1. This is a great time to clean out and reduce the number of toys your child has.
Too many toys often overwhelm children, which typically results in limiting their play. Ideally, your child should only have 10-15 times available at any given time. (Blocks count as one toy.) Give away those that your child has outgrown and pack away the rest. Rotate toys every 1-2 months.
2. Meeting your child’s sensory needs during the winter weather:
Sensory seeking child: Take advantage of winter sports – even if you are not in the north, many communities have ice skating available which provides an excellent heavy work (vestibular and proprioceptive) experience; Take a winter walk – make it a scavenger hunt, with a list of items to find. Bring those items home and create a collage or mobile. Add a backpack or pull a wagon to increase the sensory input.
Sensory sensitive child: Honor their need to have a break from the sensory overload of everyday life, with some quiet activities at home. Create an indoor fort that can remain in place for at least a week. Encourage your child to contribute their ideas and assist in construction. Stock with a flashlight, pillows, fidgets. Maybe add audio books.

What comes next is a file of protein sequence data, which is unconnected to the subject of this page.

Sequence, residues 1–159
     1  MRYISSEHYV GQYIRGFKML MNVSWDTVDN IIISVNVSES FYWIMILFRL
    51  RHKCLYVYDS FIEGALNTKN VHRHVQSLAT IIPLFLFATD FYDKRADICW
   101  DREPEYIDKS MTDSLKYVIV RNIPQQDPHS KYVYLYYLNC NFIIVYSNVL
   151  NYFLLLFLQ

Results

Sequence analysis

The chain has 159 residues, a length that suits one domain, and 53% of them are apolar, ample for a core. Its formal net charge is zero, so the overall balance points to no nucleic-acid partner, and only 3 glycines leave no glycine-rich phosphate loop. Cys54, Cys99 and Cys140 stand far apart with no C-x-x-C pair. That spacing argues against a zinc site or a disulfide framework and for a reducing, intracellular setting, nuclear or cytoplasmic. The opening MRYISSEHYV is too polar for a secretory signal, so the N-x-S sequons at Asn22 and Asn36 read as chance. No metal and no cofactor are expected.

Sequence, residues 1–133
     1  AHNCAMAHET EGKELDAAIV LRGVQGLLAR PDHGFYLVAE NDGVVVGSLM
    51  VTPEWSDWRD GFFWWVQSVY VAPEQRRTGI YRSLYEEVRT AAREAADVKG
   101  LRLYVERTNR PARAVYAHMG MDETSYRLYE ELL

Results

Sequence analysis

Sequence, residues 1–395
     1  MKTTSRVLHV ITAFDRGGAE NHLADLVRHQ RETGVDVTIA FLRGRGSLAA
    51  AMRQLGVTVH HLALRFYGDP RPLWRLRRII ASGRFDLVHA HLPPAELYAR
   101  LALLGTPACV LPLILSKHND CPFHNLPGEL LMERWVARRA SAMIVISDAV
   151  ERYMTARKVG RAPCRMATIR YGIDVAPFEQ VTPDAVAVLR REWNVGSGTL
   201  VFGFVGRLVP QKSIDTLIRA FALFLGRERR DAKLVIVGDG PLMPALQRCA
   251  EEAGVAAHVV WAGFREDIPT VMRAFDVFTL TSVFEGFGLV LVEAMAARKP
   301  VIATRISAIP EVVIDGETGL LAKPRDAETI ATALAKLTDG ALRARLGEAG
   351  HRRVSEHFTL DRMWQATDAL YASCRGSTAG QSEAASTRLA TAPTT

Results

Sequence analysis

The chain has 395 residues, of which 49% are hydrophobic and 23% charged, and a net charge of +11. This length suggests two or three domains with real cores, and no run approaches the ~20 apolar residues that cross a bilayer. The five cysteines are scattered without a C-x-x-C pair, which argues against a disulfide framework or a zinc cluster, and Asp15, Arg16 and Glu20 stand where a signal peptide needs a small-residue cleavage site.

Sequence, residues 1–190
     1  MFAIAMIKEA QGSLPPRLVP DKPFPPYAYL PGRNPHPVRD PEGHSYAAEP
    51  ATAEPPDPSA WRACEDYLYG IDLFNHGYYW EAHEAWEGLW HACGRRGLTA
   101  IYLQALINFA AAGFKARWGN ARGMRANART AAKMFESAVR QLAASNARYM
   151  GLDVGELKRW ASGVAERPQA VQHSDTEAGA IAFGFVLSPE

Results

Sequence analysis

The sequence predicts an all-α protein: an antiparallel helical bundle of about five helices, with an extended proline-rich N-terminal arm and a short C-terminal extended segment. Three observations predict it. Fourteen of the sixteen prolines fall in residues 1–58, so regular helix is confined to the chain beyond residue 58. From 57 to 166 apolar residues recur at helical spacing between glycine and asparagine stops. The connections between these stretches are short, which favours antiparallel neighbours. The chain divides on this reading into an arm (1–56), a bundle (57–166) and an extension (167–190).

- Cooking – look for recipes that your child can do simple cutting (maybe with scissors rather than a knife), mixing with hands or spoon, cracking eggs, measuring, etc.
- Create an indoor obstacle course – using cushions, pillows, tables, boxes, chairs, etc. Again encourage your child to contribute their ideas. Depending on your child’s age and abilities, have them draw or write out a plan for the obstacle course.
- Play games together. I love games for many reasons, not the least of which is a fun way to bring family members of varying ages. Games are wonderful for developing motor skills, socialization and language skills, depending on the game chosen. We had fun this year with the game: Obstacles, a cooperative game that requires teamwork, creativity and communication to overcome obstacles and make it home.
3. Planning for 2014: Take a little time to review what has worked for this past year and what hasn’t.
Think about your goals, wishes, dreams for your child in the coming year. Decide a few steps to implement that will help move towards those goals. If you have not set up a notebook for your child to collect evaluations, home programs, school records, etc., do so now as this can be an invaluable tool in successfully meeting your child’s needs.